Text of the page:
Collaborators: Olivia Petit, Carlos Velasco, Adrian David Cheok, Charles Spence.
The development of neuroimaging techniques such as functional magnetic resonance imaging (fMRI) has provided marketers with the possibility of studying changes in brain activity in relation to marketing information (packaging, pricing, promotions, etc.) and decision-making. When consumers interact with a product, the brain captures and stores the related sensory experience in a multisensory representation in memory. Such memories serve consumers when making their future decisions. Thus, the senses play an important role in consumer behavior and the results of fMRI studies provide an interesting way for sensory marketers to analyze how the brain processes sensory information affecting product perception. In this article, we show how multisensory information, as well as mental simulation, impact taste expectations and subsequently taste, or bettersaid, flavor, perception. First, we discuss how neural analysis can help to understand the effect of marketing information on taste perception (Fig. 1). After that, we highlight the role of mental simulation on food perception in light of the latest fMRI findings (Fig. 2). To conclude, we explain how neuroscience might improve the understanding of crossmodal correspondences in the context of consumer sensory experiences (Fig. 3).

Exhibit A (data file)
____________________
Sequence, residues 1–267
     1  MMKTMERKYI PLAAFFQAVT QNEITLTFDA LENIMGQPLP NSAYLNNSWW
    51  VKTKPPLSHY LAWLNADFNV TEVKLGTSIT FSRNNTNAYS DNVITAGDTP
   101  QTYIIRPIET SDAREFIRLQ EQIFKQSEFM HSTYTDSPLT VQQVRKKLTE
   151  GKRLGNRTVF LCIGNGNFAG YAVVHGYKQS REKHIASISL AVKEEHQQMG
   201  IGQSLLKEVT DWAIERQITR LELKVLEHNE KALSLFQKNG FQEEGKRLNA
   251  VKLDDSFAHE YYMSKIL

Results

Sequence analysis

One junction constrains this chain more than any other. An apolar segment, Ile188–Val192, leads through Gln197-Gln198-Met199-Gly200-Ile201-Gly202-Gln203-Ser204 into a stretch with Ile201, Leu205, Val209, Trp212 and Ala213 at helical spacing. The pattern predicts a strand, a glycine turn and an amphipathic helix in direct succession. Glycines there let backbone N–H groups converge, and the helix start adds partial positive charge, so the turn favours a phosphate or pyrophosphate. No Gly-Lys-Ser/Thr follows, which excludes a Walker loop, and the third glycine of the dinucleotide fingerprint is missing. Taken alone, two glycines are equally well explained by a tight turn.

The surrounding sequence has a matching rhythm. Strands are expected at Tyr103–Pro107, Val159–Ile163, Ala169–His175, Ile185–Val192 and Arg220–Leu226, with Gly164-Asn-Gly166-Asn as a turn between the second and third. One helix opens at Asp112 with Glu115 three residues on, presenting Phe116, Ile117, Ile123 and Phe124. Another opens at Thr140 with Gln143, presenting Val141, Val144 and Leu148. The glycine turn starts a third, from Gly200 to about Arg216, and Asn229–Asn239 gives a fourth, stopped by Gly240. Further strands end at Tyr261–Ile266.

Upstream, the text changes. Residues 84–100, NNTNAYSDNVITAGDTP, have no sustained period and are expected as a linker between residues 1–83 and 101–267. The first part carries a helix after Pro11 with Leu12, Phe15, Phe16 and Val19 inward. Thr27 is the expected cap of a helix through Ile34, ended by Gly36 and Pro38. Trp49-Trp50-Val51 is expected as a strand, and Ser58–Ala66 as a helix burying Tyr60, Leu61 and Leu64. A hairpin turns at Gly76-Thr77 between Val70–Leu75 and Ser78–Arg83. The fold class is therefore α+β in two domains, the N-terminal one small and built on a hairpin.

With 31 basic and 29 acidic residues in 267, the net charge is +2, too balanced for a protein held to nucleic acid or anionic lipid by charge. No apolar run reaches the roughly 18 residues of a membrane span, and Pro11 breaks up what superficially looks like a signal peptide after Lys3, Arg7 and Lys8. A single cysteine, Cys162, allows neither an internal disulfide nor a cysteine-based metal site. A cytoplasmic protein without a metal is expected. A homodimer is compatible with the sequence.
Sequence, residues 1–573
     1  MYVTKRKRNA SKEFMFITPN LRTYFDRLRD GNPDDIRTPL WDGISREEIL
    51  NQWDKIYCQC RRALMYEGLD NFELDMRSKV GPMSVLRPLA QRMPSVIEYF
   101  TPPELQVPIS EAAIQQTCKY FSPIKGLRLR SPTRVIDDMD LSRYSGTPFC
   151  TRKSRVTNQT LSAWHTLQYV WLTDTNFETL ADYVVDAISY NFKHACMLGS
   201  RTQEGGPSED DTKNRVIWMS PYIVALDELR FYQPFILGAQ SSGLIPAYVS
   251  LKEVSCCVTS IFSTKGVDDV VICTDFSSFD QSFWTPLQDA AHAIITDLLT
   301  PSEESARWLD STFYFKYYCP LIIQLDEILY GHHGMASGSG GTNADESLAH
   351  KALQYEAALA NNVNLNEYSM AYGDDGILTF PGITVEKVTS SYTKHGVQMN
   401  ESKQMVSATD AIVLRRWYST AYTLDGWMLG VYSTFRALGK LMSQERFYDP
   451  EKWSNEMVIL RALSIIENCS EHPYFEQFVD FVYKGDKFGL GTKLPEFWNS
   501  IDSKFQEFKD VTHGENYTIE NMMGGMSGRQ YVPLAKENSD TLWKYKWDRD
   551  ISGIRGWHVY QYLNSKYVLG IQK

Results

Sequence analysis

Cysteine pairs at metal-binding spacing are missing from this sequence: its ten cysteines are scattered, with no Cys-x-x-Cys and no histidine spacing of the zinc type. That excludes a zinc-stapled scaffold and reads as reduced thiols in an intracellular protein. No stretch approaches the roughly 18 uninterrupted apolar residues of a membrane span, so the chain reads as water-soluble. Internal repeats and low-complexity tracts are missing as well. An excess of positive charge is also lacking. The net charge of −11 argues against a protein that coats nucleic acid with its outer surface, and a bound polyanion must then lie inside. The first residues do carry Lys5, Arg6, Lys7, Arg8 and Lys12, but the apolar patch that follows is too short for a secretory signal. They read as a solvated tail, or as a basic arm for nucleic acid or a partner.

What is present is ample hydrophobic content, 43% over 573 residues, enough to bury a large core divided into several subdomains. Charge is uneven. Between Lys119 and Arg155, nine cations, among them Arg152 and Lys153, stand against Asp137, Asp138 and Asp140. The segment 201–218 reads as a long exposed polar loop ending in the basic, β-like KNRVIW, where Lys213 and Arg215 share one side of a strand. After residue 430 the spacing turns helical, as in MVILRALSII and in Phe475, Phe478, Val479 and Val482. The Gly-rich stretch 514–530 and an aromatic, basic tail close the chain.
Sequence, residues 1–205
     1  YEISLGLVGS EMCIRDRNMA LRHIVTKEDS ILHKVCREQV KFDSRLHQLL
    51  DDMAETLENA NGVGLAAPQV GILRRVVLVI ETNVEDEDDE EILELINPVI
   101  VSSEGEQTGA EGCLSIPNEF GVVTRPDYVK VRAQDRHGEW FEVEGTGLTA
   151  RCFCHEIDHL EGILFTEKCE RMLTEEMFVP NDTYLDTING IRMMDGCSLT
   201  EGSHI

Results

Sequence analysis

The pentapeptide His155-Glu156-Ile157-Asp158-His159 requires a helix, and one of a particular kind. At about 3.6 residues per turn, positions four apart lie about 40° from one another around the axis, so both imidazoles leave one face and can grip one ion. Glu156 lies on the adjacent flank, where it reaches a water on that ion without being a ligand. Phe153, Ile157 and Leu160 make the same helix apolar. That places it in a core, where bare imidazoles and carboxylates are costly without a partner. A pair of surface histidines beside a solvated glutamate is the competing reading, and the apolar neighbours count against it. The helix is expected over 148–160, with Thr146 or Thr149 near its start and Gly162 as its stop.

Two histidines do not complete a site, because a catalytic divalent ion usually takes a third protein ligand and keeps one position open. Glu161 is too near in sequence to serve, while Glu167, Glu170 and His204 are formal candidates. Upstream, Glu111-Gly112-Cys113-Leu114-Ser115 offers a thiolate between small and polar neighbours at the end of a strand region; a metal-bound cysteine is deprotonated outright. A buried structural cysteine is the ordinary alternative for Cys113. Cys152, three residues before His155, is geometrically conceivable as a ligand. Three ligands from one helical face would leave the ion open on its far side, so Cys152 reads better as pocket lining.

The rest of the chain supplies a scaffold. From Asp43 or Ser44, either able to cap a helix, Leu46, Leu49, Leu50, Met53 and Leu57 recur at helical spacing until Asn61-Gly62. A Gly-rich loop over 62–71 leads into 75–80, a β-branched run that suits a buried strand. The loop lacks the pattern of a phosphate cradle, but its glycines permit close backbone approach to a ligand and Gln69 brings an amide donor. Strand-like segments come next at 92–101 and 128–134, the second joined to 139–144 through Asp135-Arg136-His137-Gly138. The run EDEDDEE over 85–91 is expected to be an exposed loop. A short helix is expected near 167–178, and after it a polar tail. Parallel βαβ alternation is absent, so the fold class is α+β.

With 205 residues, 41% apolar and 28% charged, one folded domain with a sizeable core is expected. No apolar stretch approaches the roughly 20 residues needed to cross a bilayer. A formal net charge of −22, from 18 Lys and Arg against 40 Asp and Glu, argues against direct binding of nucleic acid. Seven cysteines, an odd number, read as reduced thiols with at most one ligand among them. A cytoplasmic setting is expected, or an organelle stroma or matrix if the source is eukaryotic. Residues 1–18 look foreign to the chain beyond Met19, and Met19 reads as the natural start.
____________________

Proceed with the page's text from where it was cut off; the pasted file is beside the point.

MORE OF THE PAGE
Keywords: Sensory Marketing, Consumer Neuroscience, fMRI, Food, Crossmodal Correspondences.
Fig. 1. The effect of price on the brain’s response to the taste of wine. (A) Wine 1: averaged time courses in the medial OFC (B) Wine 1: activity in the mOFC was higher for the high- ($45) than the low-price condition ($5). (C) Wine 1: activity in the vmPFC for the same contrast. (D) Wine 2: averaged time-courses in medial OFC voxels (E) Wine 2: activity in the mOFC was higher for the high- ($90) than for the low-price condition ($10). (F) Wine 2: activity in the vmPFC was higher for the same contrast, used in Plassmann et al.’s (2008).
Fig. 2. Visual stimuli in the fMRI experiment. (a) Standardized food imitating product (b) Standardized fruit juice (c) Standardized household cleaner (d) Standardized bleach. (a–d) used in Basso et al.’s (2014).
Fig. 3. Yogurt containers varying in angularity and color saturation, as used in Becker et al.’s (2011) study .